It's easy as a person over the age of 30to cast judgment on the youth of today in regards to their computerized interests and couch-oriented, hand-controlled play habits. Those born before the 1980s remember walking uphill to school in the snow, both ways. We didn't have the Internet or video games. We played war with sticks and trash can lids. If we were lucky we played with G.I. Joe or Star Wars figures. When nobody was looking we combed the mane of our sister's My Little Pony toys. We built skyscrapers and spaceships out of Lego bricks. Back in those days we had imagination. We had attention spans. Kids these days are too busy clicking mouses and jumping up and down in front of a Wii...or are they?
Wayne Kneeland's might prove otherwise. This weekend, Kneeland is hosting a sweet 16 birthday party for his Hope Street toy store. He's been selling the community quality toys since 1995, the kind of toys that are both fun and educational, the kind that help kids expand their imagination by way of letting them think and enact for themselves. Kneeland sells the old classics such as Playmobil and Erector Set, but he also offers future classics such as Melissa & Doug and Thomas trains. Kneeland's thriving business is a testament to the hard work and research he conducts in selecting products for his shelves. It's also the result of the many healthy minds in our community, the kids and adults who expect the very best of their toys.
Born in New York, Kneeland spent his early adulthood in Chicago making a living as an actor. He studied at the Goodman School and earned himself speaking roles in classics such as Risky Business and Uncle Buck. He got married in Chicago and suddenly found himself thinking about the finances needed to raise a family. Unfortunately, theater doesn't provide most actors with that kind of economic stability. After doing some research, Kneeland came up with the idea of owning a toy store. As a teen, he would perform puppet shows at birthday parties. He'd always been interested in entertainment and wanted to continue working in an industry of creativity and imagination.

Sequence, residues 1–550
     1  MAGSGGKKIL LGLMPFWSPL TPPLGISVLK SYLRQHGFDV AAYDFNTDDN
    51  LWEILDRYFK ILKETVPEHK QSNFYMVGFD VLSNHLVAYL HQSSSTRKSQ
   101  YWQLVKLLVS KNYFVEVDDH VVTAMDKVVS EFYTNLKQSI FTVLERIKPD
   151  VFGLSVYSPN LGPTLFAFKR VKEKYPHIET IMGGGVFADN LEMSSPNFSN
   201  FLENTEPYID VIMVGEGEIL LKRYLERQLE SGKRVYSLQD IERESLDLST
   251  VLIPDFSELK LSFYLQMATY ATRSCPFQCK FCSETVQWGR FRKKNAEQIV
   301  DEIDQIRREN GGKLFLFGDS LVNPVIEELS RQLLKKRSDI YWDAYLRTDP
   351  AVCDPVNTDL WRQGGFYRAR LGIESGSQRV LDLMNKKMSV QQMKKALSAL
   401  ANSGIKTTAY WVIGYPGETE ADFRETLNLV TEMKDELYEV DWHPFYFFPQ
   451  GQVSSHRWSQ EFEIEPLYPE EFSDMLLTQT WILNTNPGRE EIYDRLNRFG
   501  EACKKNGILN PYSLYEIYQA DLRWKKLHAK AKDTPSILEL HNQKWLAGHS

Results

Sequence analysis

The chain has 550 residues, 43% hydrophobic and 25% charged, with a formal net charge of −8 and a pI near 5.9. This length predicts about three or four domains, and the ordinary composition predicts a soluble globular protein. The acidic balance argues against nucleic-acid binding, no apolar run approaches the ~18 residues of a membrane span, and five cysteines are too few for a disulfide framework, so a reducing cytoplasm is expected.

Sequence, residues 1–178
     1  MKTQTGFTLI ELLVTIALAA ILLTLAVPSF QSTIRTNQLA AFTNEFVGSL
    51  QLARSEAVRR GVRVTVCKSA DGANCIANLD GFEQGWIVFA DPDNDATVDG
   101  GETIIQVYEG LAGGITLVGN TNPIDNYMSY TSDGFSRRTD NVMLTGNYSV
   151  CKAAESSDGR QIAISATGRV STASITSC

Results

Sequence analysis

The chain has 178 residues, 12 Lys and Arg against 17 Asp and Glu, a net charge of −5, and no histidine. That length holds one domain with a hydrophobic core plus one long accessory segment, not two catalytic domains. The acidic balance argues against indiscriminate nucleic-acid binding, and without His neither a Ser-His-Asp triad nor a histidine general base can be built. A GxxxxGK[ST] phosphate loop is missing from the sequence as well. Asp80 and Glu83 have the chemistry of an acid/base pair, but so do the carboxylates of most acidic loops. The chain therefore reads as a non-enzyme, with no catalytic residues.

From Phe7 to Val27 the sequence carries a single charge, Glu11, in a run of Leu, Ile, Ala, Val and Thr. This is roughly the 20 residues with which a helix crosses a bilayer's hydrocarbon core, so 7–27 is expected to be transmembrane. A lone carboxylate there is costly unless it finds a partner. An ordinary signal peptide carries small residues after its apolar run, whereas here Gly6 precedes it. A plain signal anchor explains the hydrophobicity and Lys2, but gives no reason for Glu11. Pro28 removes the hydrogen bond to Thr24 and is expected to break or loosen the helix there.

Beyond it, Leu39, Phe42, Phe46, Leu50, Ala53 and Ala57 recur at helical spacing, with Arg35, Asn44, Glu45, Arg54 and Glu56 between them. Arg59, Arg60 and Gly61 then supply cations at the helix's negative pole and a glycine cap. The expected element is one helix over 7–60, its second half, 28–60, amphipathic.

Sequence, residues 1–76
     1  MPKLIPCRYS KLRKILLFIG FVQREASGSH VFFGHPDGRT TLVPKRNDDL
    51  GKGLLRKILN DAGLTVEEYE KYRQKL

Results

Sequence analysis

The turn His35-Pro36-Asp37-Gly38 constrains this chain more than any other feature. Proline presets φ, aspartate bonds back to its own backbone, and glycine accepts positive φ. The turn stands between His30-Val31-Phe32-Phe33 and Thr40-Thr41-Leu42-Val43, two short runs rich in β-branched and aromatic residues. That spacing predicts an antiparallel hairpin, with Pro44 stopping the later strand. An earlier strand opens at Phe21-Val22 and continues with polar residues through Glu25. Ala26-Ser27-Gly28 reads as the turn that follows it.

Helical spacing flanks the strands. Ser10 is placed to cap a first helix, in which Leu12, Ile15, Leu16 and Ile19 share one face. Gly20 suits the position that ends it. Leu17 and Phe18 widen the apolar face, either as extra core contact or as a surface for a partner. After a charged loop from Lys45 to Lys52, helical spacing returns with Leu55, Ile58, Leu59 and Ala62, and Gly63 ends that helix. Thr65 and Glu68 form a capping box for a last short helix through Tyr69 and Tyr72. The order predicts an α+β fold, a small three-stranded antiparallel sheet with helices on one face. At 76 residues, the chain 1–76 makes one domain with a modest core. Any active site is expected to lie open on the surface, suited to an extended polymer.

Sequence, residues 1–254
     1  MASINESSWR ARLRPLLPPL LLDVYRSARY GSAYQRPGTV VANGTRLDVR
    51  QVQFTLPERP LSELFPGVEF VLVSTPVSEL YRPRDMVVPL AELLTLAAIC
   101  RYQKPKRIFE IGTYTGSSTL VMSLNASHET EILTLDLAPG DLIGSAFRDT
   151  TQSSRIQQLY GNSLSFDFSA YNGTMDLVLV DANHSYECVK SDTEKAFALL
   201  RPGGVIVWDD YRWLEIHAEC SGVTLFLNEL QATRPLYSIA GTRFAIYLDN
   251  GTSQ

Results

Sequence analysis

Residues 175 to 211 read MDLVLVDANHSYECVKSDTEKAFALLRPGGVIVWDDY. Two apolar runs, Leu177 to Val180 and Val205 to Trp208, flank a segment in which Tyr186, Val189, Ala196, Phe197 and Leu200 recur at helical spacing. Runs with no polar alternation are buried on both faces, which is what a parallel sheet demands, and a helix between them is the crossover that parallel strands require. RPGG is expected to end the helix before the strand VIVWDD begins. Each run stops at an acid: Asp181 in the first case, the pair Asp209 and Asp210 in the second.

“I didn't have a lot of toys growing up,” Kneeland says. “So I guess I'm making up for lost time.”
Kneeland had relatives who lived in the area. He visited Bristol and knew immediately that he'd found the perfect, picturesque setting for his new endeavor, a classic backdrop for a toy store. At that point, Bristol was just beginning to renovate its downtown. The timing couldn't have been better. Kneeland's The Toy Company and his son Tim were born that year.
Kneeland has since knocked down a wall and doubled his space. He has won RI Monthly's “Best Toy Store.” His neighborhood specialty toy store has prospered in an era of corporate boxed toy stores. This is due in large part to his commitment in not just providing customers with the latest video game or collectible. He goes out of his way to find toys that allow kids to learn through play, that assists in the development of their imaginations and intellect. With many toys being manufactured overseas, safety is also a primary if not main concern of Kneeland's.
“When I select toys for the store, I'm really thinking about the benefits that toy will have on a kid. Will it inspire them? Will they remember it for the rest of their life?”
With both online shopping and playing, Kneeland does have his work cut out for him. He is meeting the challenges of the Internet age by having a Facebook page and launching a website of his own where customers can brwose and shop.
“You can't help but be happy when you walk into a toy store,” Kneeland says. “I am an old school guy. I want people to have that good old-fashioned shopping experience of talking to a knowledgable salesman and holding the product in their hands, but I am also a realist. The Internet is here to stay and we have to move into the 21st century. I am so proud of the website. It's beautiful.”
Saturday's sweet 16 party is in part a celebration of the website's launch. Saturday, The Toy shop celebrated by hosting a party day, offering cupcakes and refreshments and a performance by 12-year-old yo-yo champion, Connor Madeiros, of Barrington.
Having a father who owned a toy store, Kneeland's own children, Tim and Kathleen, were invited to quite a few birthday parties growing up. For his kids and all of us, it's like having our very own Santa Claus right here in Bristol. The job has certainly kept Kneeland jolly over the past 16 years. Perhaps that's due to his testing all the toys in his store personally before putting them on the shelves.
"I'm not getting any older," Kneeland laughs. "The toys keep me young."
For more information, visit their new website.